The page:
Shown further in FIG. 2 is a door 28, with a door knob 30 secured thereto. The door knob 30 should be interpreted to include any type of door handle or similar mechanism fastened to a door 28 and used for opening and closing said door 28. Often, prior to the installation of the door knob receptacle 10, a door 28 which is forced open with excessive force can travel past its normal maximum travel length, thus allowing the door knob 30 to fracture or punch a hole in the wall 26 behind said door 28. The resulting damage is quite unsightly and can result in drafts or energy loss via the hole in the wall 26. Accordingly, the door knob receptacle 10 can be installed upon the wall 26 to repair damage previously inflicted thereupon.
FIG. 1 illustrates the door knob receptacle 10 installed upon the wall 26. When installing the door knob receptacle 10 upon the wall 26 to repair previous damage such as a fracture or hole, the damaged area is trimmed to a size which is larger than the diameter of the hemispherical shell 12, yet smaller than the rectangular flange 18. When installing the door knob receptacle 10 upon the wall 26 to prevent damage rather than to remedy existing damage, a hole is cut in the wall 26 which is again larger than the diameter of the hemispherical shell 12, yet smaller than the rectangular flange 18. Referring again to FIG. 2, it should be noted that under either installation method, the hemispherical shell 12 is then inserted into the hole such that the rectangular flange 18 presses up against the surface of the wall 26. The self-adhesive tape 22 which is fastened to the rear 18R of the rectangular flange 18 secures said rectangular flange 18 to the wall 26. Once installed, the door knob receptacle 10 forms a pocket 20 within the wall 26. Said pocket 20 can also be defined as a recess or well.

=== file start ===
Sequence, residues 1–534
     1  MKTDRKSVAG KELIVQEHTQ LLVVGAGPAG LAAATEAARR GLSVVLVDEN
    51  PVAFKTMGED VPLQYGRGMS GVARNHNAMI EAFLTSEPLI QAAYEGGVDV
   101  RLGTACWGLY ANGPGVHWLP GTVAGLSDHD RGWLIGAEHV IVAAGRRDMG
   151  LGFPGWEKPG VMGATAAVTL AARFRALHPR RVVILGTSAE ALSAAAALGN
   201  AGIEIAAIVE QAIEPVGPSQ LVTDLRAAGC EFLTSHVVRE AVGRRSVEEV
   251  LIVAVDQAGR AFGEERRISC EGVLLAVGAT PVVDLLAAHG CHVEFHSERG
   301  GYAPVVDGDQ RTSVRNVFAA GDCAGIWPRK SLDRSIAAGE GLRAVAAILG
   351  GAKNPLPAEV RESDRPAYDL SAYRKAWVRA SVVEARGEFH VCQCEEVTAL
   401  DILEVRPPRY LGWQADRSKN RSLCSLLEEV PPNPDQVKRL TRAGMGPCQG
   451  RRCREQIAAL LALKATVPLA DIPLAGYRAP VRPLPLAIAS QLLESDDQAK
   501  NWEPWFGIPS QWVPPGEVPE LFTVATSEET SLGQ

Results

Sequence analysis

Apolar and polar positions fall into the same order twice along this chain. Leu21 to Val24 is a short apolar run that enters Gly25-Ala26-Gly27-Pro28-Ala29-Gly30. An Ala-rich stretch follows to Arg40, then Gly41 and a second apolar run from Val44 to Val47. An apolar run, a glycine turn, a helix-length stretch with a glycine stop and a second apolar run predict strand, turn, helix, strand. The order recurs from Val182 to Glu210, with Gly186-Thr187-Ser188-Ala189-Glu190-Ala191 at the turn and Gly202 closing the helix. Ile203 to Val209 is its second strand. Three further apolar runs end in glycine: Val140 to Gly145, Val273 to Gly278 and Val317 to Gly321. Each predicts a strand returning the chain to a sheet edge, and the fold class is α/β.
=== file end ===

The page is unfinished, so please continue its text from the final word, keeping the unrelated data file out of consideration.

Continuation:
Installed upon the wall 26, the door knob receptacle 10 serves several functions, which can be seen best by reference to FIG. 3. Primarily, the door knob receptacle 10 disguises previous damage and prevents further damage to the wall 26 by providing a pocket 20 within which the door knob 30 is retained. The brushes 24 or other securing means which are disposed about the inner periphery 14 of the hemispherical shell 12 serve to absorb the impact of the door knob 30 in the event that the door 28 is forced open quickly and with excessive force. By absorbing the impact of the door knob 30, the brushes 24 prevent the door knob 30 from violently contacting the hemispherical shell 12 and thus causing damage or stress to the wall 26. Furthermore, the brushes 24 have the further effect of preventing the door 28 from rebounding back towards and potentially injuring a person opening said door 28. Also, the brushes 24 or other securing means employed function to retain the door knob 30 within the pocket 20, thus causing the door 28 to remain in a stationery open position without the aid of a door stopper or similar object. Finally, by allowing the door knob 30 to enter the pocket 20 formed by the door knob receptacle 10, said door knob receptacle 10 allows the door 28 to open beyond its normal point of travel, as illustrated best in FIG. 3.